Drug Task Force works to get drugs off the streets

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RICHMOND - In the past two and a half months that Sgt. Scott King has been the Director of the Madison County Drug Task Force, their group has seized more than 3,000 grams of methamphetamine that was either in, or had trafficking involvement, within the county.

The county drug task force, is a part of the High Intensity Drug Trafficking Areas (HIDTA) program, an initiative within the Office of National Drug Control Policy (ONDCP) that allows local, state and federal departments to combine and use resources to help combat high drug traffic areas in the region, state and nation.

In continuing to be a HIDTA county, two representatives of the Berea City Police, Richmond City Police and the Madison County Sheriff's Office are allowed to work together on the force, with statewide jurisdiction, as long as the work can be traced back to another county with HIDTA status.

Sgt. King, who has been a Kentucky State Trooper for 19 years, 14 of which were spent at Post 7, explained that the purpose of the force is to investigate middle to upper level drug related cases, and to try and develop those cases in order to identify larger trafficking operations.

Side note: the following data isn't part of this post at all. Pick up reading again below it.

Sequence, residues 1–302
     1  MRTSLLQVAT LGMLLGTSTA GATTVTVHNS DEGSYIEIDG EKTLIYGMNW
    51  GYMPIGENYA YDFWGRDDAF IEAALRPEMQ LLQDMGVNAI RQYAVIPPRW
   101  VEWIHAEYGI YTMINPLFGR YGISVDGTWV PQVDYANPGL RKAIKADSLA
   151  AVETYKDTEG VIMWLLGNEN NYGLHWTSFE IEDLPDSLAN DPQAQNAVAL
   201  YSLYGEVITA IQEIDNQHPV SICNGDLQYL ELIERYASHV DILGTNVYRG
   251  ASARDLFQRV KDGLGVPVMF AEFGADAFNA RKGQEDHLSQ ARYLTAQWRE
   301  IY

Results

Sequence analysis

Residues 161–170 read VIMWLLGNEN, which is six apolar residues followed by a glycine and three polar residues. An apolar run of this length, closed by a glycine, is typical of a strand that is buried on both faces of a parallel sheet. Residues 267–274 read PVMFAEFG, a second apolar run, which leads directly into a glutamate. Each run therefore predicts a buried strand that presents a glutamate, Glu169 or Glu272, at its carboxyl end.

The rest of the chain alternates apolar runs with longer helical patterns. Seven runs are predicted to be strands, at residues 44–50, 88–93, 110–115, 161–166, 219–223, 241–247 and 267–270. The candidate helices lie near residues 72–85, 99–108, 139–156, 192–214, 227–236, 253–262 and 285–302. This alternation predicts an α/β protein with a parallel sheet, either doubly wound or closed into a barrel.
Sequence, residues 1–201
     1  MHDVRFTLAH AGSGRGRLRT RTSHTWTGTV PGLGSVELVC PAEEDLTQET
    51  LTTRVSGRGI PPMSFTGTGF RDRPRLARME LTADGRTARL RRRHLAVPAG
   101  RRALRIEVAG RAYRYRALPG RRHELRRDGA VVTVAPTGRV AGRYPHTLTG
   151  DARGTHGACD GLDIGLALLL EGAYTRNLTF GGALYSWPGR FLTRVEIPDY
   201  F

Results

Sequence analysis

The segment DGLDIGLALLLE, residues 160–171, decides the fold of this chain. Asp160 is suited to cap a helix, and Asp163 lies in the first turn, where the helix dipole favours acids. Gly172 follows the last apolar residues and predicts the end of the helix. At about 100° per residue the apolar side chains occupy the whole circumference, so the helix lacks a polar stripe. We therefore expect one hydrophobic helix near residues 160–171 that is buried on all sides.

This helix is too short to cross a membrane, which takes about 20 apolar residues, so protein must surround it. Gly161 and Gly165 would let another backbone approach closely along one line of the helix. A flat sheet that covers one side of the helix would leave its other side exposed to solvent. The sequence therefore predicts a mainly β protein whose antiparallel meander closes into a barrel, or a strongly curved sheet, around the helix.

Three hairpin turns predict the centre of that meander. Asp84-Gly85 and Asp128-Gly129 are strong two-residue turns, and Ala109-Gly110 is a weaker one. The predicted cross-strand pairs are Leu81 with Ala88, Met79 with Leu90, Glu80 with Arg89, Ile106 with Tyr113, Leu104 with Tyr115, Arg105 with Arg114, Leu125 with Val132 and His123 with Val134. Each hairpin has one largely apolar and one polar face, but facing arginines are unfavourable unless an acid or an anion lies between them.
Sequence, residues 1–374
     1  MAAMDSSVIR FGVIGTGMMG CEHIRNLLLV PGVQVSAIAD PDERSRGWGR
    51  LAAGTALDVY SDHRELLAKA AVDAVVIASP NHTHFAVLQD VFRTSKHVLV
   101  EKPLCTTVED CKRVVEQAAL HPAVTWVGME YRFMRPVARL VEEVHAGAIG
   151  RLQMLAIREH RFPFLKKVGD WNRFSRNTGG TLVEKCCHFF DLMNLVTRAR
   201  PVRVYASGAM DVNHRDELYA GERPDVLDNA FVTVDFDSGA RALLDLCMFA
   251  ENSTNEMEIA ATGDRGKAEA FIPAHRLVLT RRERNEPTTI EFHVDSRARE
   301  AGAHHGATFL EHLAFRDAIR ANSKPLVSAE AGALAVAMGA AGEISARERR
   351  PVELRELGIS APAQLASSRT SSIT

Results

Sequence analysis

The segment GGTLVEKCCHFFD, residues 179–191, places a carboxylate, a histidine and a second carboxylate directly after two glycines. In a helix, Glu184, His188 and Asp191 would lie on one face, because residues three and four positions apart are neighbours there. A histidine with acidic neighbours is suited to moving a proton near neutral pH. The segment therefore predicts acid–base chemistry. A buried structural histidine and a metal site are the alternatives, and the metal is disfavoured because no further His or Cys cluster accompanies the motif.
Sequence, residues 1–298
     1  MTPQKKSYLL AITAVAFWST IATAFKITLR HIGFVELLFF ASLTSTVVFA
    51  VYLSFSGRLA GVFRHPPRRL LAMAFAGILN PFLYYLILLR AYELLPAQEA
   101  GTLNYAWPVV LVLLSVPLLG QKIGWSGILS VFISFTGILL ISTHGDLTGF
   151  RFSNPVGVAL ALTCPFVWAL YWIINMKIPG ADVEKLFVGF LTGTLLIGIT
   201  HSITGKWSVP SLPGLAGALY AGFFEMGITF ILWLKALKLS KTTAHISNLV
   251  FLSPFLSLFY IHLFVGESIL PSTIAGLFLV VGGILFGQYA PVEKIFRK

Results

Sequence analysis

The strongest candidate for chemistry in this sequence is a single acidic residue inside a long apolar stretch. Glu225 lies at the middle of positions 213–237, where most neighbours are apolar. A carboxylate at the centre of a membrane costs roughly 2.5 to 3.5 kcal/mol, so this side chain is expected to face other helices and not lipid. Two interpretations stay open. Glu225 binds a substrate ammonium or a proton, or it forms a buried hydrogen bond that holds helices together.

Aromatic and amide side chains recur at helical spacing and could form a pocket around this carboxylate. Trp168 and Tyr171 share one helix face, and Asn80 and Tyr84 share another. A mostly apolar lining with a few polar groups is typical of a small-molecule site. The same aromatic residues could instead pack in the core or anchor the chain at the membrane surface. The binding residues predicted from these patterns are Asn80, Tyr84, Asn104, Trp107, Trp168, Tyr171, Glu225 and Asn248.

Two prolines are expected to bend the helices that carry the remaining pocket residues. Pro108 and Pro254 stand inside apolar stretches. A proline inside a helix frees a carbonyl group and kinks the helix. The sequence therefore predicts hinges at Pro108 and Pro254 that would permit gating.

"Say you take in one, two, three, four people that may be selling illegal narcotics in the community, knowing they are working together, and in doing so you develop it into a drug trafficking organization, which by state law ends up becoming a criminal syndicate," he said. "Being able to turn things like that into those types of cases, that is our purpose."

King explained that the task force receives tips through a hotline they have, as well as connecting the dots between agencies to establish connections that potentially lead to a larger operation.

"Whenever it be a street level cop, trooper, road deputy or patrolmen, or whoever, when they come across things at traffic stops, receive complaints, go to a house to talk -- when it reaches a certain level that they need the drug task force, then we can come in and we can work it beyond that," King said, "So that way, they don't have to focus on that from the beginning to the end, they can get back to what it is that they are supposed to do, enforcing the law. If we can take care of those mid to upper level dealers, those street dealers are going to go away, eventually. This is extremely important."

Right now in Madison County, King said that crystal meth is the drug they are seeing more often.

"Drugs are like fashion trends," he said. "Some things will go out of style, and then years later, they will come back in. It is about what is cheapest and packs the biggest punch. It's all about what is easily available."

When King started as a narcotics detective in 2009, he said that pills were the big thing.

"Depending on what community you are in, will depend on what is the big drug at the time."

In 2017, the task force seized 1.4 kilos of heroin and 1.5 kilos of meth. The task force also confiscated 14 pounds of marijuana, more than 2,000 Oxycodone pills, and about 1,250 Xanax tablets. In all, more than $300,000 in assets were taken from dealers. Three meth labs in the county were dismantled. The task force made over 75 arrests, and seized 32 firearms.